Wake County District Attorney Lorrin Freeman dismissed more than 100 driving while impaired cases this week after a sheriff’s deputy was found to have lied on the stand.
Freeman’s actions came after District Court Judge Jacqueline Brewer disqualified Wake sheriff’s Deputy Robert Davis, a member of the DWI Task Force, as a witness.
Freeman said because Davis had been untruthful in some cases that he was no longer competent to testify in any of them. Davis, who worked at the Wake County Sheriff’s Office for 15 years, was fired last week by Sheriff Donnie Harrison.
In an order attached to one of the cases in which Brewer disqualified Davis as a witness, the judge outlined three incidents in which Davis had made false statements on court documents and on the witness stand.
Never miss a local story.
One incident stemmed from the case of a woman stopped for DWI on Aug. 2, 2014. Davis took her to the Wake Forest Police Department, where machines were set up for breath tests. The room also had audio and video recording equipment.
Under the DWI law, a driver may refuse to take any test, but if that happens the state revokes the driver’s license for a year. The driver may also call an attorney for advice, or a witness to monitor the test, but testing cannot be delayed for more than 30 minutes.
Davis, according to the judge’s order, did not give the driver the full time to contact a witness before recording her as not requesting one. When the driver still had questions about the breath test, the deputy marked her as refusing to take it and filed paperwork with the state Division of Motor Vehicles stating that she had refused to take the test. That meant her license would be automatically revoked for a year.
DMV sent a notice to the woman that her license was going to be revoked for a year, and she asked for a hearing that was set for March 4, 2015. That hearing revealed conflicts between Davis’ assertion that the driver never asked for a witness and her testimony that she tried to call someone but could not get an outside line. It also showed Davis pushing her to take the test, though her full 30 minutes had not been exhausted, according to the court order.
On Feb. 22, 2014, Davis made similar claims after stopping a woman for driving while impaired. At that stop, according to the judge’s order, Davis fired a Taser stun gun twice at the driver.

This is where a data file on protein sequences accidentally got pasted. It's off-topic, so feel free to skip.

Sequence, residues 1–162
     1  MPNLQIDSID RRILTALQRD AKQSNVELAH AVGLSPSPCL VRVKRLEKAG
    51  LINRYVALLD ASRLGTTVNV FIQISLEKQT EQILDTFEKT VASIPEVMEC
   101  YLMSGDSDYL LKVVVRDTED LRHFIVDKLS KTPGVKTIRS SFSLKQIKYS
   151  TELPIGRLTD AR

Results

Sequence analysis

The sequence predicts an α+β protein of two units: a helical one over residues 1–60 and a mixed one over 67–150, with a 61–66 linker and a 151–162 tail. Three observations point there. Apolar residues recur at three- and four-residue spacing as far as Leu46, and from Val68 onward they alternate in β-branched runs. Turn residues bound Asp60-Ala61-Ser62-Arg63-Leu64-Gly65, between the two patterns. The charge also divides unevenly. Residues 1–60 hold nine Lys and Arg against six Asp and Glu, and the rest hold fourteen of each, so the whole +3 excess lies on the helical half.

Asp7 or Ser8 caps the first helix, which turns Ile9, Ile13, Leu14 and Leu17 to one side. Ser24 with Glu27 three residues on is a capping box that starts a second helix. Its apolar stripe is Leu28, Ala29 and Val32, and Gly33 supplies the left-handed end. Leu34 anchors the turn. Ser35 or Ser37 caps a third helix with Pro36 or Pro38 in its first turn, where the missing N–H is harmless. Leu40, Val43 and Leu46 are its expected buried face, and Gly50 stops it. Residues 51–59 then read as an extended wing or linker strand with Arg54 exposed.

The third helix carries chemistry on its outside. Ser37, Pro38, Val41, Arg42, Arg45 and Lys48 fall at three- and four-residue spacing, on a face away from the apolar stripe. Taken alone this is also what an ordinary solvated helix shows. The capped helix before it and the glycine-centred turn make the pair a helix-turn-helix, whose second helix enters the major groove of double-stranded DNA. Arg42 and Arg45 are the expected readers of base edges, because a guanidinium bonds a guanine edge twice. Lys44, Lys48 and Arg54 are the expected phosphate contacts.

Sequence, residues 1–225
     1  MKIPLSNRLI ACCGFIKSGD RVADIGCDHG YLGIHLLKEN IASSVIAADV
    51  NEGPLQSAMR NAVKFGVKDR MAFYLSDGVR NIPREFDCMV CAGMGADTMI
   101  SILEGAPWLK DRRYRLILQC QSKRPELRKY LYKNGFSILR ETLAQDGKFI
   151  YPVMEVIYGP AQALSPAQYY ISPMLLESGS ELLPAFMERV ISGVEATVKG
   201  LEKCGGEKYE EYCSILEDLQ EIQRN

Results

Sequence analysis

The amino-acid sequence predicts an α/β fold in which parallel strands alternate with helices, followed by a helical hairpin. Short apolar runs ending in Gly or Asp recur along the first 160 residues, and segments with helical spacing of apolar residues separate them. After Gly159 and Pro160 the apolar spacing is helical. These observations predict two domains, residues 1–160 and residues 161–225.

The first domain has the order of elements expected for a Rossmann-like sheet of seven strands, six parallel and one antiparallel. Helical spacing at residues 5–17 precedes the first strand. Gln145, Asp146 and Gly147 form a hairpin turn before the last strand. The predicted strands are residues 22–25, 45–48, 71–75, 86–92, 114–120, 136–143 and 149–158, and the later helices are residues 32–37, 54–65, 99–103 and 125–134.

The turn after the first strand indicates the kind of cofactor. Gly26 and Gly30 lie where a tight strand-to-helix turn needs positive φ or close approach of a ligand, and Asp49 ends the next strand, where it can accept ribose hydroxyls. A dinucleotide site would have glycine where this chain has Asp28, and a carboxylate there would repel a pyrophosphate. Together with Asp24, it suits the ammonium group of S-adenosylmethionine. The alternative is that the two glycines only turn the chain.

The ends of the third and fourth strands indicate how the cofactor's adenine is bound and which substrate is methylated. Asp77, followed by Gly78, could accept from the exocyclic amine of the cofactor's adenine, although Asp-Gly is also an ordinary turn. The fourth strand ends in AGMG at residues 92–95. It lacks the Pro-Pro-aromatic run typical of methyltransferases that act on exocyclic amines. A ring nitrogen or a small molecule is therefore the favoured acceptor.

Davis’ supervisor then arrived at the scene and followed the deputy to the Wake County Detention Center, where more testing was to occur. The supervisor made notes at the detention center while Davis proceeded to advise the driver of the testing procedures. The driver made a phone call to her attorney but did not get a full 30 minutes after that call before the deputy proceeded with testing, according to the judge’s order.
Not only did Davis wrongly record that the driver had not made a phone call, according to the court documents, but he also marked her as refusing to take the test.
In March 2015, Davis again stopped a woman for DWI and wrongly noted her attempts to contact someone to witness her taking the breath test. When she questioned why she had not been allotted the full 30 minutes for a witness to watch her take the test, Davis again marked her as refusing to take the test, according to Brewer’s court order.
Harrison said he fired Davis the day he received a copy of Brewer’s order.
“I hate it, but we’ve got our credibility to look after, too,” Harrison said Thursday.
Alerting training and standards commission
Freeman said Thursday there were no plans at this time to pursue perjury charges against the deputy. Her office plans to send a letter with the court order attached to the North Carolina Criminal Justice Education & Training Standards Commission, which hears cases of deputies or officers accused of violating commission rules.
In addition to the 104 DWI cases dismissed by Freeman on Wednesday, the district attorney’s office also found 71 traffic citations written by Davis, which also will be dismissed. Her office does not plan to review cases involving Davis that were heard before the March 22 court order issued by Brewer. Moving forward, Freeman said, it would be difficult for prosecutors to call Davis as a “competent witness.” But in cases heard before then, she said, defense attorneys and the defendants had an opportunity to raise questions about the credibility of the officer and a judge presided over those hearings.
“This court order is sort of a line in the sand,” Freeman said.
In recent years, Wake County has seen an increase in DWI arrests, in part, because of the task force on which Davis was a member.
In 2014, the Raleigh Police Department received a $525,000 federal grant that was the basis for a special unit focused on more DWI checkpoints and patrols for impaired drivers. The Wake County Sheriff’s Office has a task force of its own focused on the issue, too.
Wake County, according to records from the state Administrative Office of the Courts, had 5,741 DWI arrests in the fiscal year that started on July 1, 2014, and ended June 30, 2015, the highest number for any county in the state. Mecklenburg County, the most populated county in the state, had nearly 2,000 fewer DWI arrests, according to the AOC records, with 3,765 in the same time frame.
Freeman said Thursday that she did not think Davis’ actions were emblematic of what was happening in the special units or on the task force.
William Finn, a Raleigh defense attorney, raised concerns about Davis in the hearing in front of Brewer.
“Nobody’s happy when something like this comes to light,” Freeman said. “At the end of the day, we’re committed to following the law and doing things right, and the courts should be a place where justice prevails.”
Staff Writer Thomasi McDonald contributed to this report.